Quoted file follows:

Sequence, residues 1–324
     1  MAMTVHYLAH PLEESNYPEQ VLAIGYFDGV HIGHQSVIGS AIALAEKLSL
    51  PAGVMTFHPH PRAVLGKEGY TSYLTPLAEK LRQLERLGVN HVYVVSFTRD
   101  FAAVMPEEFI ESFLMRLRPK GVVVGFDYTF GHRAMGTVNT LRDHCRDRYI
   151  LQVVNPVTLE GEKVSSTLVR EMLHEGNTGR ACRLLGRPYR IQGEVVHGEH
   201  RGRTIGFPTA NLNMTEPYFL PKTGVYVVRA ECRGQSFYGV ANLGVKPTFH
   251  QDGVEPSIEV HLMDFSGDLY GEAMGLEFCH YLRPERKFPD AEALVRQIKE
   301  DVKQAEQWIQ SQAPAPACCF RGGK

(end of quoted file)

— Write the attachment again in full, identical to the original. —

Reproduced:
Sequence, residues 1–324
     1  MAMTVHYLAH PLEESNYPEQ VLAIGYFDGV HIGHQSVIGS AIALAEKLSL
    51  PAGVMTFHPH PRAVLGKEGY TSYLTPLAEK LRQLERLGVN HVYVVSFTRD
   101  FAAVMPEEFI ESFLMRLRPK GVVVGFDYTF GHRAMGTVNT LRDHCRDRYI
   151  LQVVNPVTLE GEKVSSTLVR EMLHEGNTGR ACRLLGRPYR IQGEVVHGEH
   201  RGRTIGFPTA NLNMTEPYFL PKTGVYVVRA ECRGQSFYGV ANLGVKPTFH
   251  QDGVEPSIEV HLMDFSGDLY GEAMGLEFCH YLRPERKFPD AEALVRQIKE
   301  DVKQAEQWIQ SQAPAPACCF RGGK